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We as HR experts hear and read regularly about all the great stories from a new industry offering an astonishing array of smart-sounding tools that claim to predict who will be a good hire: voice recognition, body language, clues on social media, and especially machine learning algorithms—everything but tea leaves. Entire publications are devoted to what these new technology tools are doing. (for examplehttps://www.wirtschaftspsychologie-aktuell. de/fachbuch/20180425-klaus-stulle-psychologische-diagnostik-durch-sprachanalyse.html)
We like to look at these sometimes-fancy solutions and we like to discuss about it. However, in the end only a few of us decide consistently to change and give up our current recruitment practices.
We love being recruiters and we love being the ones with the magic formula to “understand” people. We think we are the better recruiters. Don`t we? Better than all these AI, machine or algorithm driven solutions – So why should we change?
Well, first of all to reflect critically and to think continuously about improvement should be part of our DNA and then hiring talent remains the number one concern of CEOs -Survey after survey finds employers complaining about how difficult hiring is. Sowe better stay at the top, when it comes to best hiring practices. But beside that there are some good arguments to build our hiring practices on modern tools and technologies and fora holistic talent acquisition approach. Without any order of importance let me just mention there of them:
1. Unconscious Bias: Research proves that; we’re not immune to implicit bias. We like to think that logical arguments drive our decision making, but in fact there’s unconscious activity going on inside our brains that affects our judgements and decisions. Recruitment is probably the one decision making area in enterprises mostly affected by unconscious bias. We might not be able to get rid of bias completely, but technology and screening instruments can be extremely helpful to reduce unconscious bias.
There are tools that hide applicants’ pictures or tools that automatically post your job ads in multiple places, broadening the outreach and reaching more candidates in the ‘unlikeliest of places’. One of the latest trends is also making parts of the hiring process anonymous. Technology and HR analytics enable workforce diversity and inclusion in sourcing and attracting diverse candidates and give access to wider talent pools.
2. Scarcity of talent & specialists: Organizations need to combat talent & specialist scarcity in a low unemployment economy and today’s approach couldn’t be more different then it was in the past. Census data shows, for example, that the majority of people who took a new job last year were not searching for one. Somebody came and got them. Companies seek to fill their recruiting funnel with as many candidates as possible, especially “passive candidates,” who aren’t looking to move.
Technology, robotics and automation can help to extend the geographical reach, to creating talent communities and to keep in touch with active and passive job candidates, particularly with “silver medalist” candidates who were almost hired but just missed the cut. These instruments are very powerful to nurturing ongoing relationships with talent throughout the hiring process and once a new employee has started. Certain job vacancies can be filled by using robotics only. Technology and analytics play a crucial role in accessing talent and specialists.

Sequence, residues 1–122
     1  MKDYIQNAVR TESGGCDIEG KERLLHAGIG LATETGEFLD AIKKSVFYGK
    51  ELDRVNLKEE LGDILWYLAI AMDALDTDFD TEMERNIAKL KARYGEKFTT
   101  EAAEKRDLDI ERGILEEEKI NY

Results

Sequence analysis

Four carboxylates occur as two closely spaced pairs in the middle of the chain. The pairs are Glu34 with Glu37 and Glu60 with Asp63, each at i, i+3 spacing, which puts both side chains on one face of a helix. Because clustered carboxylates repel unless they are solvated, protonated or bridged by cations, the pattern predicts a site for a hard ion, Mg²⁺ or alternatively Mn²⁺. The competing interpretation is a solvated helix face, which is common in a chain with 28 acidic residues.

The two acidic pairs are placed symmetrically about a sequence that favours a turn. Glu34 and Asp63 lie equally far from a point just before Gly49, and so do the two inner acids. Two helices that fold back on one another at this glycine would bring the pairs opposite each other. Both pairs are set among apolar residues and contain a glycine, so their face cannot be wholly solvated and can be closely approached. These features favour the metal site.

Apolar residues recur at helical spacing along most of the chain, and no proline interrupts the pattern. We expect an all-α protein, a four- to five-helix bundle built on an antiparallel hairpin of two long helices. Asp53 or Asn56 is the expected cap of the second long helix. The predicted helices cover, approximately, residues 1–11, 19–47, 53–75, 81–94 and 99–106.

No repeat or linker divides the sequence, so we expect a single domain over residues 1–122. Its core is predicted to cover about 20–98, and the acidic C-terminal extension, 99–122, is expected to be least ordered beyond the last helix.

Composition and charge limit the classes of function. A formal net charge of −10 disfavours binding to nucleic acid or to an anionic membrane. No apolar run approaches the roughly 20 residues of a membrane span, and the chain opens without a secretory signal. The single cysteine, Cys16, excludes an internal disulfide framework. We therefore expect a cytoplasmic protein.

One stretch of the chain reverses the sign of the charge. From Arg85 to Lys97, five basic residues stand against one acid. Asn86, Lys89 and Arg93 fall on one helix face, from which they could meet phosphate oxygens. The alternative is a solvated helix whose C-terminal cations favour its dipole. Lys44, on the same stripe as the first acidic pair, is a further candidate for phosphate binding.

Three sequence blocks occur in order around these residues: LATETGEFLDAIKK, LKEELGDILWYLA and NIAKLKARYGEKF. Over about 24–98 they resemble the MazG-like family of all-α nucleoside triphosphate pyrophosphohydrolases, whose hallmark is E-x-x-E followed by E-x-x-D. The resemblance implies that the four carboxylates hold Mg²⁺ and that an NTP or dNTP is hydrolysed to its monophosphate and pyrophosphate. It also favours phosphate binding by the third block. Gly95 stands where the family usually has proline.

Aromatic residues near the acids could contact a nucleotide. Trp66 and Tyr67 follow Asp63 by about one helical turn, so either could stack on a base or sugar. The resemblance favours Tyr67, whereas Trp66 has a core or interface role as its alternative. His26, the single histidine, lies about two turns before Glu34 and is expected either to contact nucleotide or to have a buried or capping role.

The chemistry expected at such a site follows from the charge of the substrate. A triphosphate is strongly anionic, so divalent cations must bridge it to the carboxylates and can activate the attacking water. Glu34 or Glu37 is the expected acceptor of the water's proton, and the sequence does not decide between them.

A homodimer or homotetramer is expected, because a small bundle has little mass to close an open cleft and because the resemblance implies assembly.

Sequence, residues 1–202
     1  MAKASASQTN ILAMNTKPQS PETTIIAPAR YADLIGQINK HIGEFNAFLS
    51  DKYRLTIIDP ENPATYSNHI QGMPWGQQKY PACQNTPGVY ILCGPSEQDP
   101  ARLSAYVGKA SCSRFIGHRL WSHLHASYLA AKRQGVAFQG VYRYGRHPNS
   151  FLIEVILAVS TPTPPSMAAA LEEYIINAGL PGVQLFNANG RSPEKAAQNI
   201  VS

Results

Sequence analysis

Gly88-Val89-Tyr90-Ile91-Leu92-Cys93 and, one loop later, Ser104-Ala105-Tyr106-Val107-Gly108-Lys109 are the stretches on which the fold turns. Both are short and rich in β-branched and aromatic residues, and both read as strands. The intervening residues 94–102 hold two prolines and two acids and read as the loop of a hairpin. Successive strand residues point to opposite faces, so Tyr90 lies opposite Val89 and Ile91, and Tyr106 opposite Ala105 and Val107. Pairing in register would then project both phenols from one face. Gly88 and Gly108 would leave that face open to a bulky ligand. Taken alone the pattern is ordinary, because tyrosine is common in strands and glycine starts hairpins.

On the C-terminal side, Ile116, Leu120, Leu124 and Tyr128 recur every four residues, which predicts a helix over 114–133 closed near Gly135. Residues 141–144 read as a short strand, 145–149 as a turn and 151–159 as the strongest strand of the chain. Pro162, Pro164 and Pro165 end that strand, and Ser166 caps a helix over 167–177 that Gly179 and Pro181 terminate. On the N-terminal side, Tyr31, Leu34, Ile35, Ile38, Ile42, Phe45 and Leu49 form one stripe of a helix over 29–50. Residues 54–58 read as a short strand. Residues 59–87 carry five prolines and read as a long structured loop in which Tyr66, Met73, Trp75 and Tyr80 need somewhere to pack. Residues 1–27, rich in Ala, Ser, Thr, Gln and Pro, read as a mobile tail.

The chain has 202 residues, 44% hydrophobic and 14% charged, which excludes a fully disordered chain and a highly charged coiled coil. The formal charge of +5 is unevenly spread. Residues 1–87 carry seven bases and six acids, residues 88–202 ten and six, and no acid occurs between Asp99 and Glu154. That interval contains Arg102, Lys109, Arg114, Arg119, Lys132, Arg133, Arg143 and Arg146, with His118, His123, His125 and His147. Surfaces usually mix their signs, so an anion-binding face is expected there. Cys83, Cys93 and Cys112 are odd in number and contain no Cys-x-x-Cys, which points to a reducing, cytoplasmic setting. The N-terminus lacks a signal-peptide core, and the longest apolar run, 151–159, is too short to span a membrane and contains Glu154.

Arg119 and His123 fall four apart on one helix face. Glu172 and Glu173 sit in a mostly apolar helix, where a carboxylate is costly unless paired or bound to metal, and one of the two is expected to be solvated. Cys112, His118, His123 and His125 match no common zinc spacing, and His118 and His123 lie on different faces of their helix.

3. Cost & efficiencies: One big problem with all these hiring practices is that we don’t know whether they actually produce satisfactory results. Only about a third of western companies report that they monitor whether their hiring practices lead to good employees; few of them do so carefully, and only a minority even track cost per hire and time to hire. Most of what companies ($20 billion in the US only) spend on human resources vendors goes to hiring. Imagine if the CEO asked how an advertising campaign had gone, and the response was “We have a good idea how long it took to roll out and what it cost, but we haven’t looked to see whether we’re selling more.”
The mission is clearly to create a measurable impact on business performance. This is possible only by digitalizing the full recruitment process and together with validated tool and methods have the right data available to place resources and make decisions.
So, plenty of good arguments, and there are many more. But, technology itself is not a panacea. A good recruiter still needs to build relationships, think ahead, play well with hiring managers, empathize, play multiple roles. AI could help build a more objective hiring process, but at the same time, it might also be tied with the human factor. If not used correctly it could actually make things worse. That’s a debate that we’re probably going to be having for many years.
All the analytical arguments are not enough to change our behavior, but the greater expectations organizations will place on HR now that they have advanced talent analytics at their disposal, they will do for sure. HR will need to meet these expectations to become top advisers.
In the end, we as HR are the Experts in Human behavior and being the better recruiters is part of it, but not without fully using the potential that technology gives us to do this well.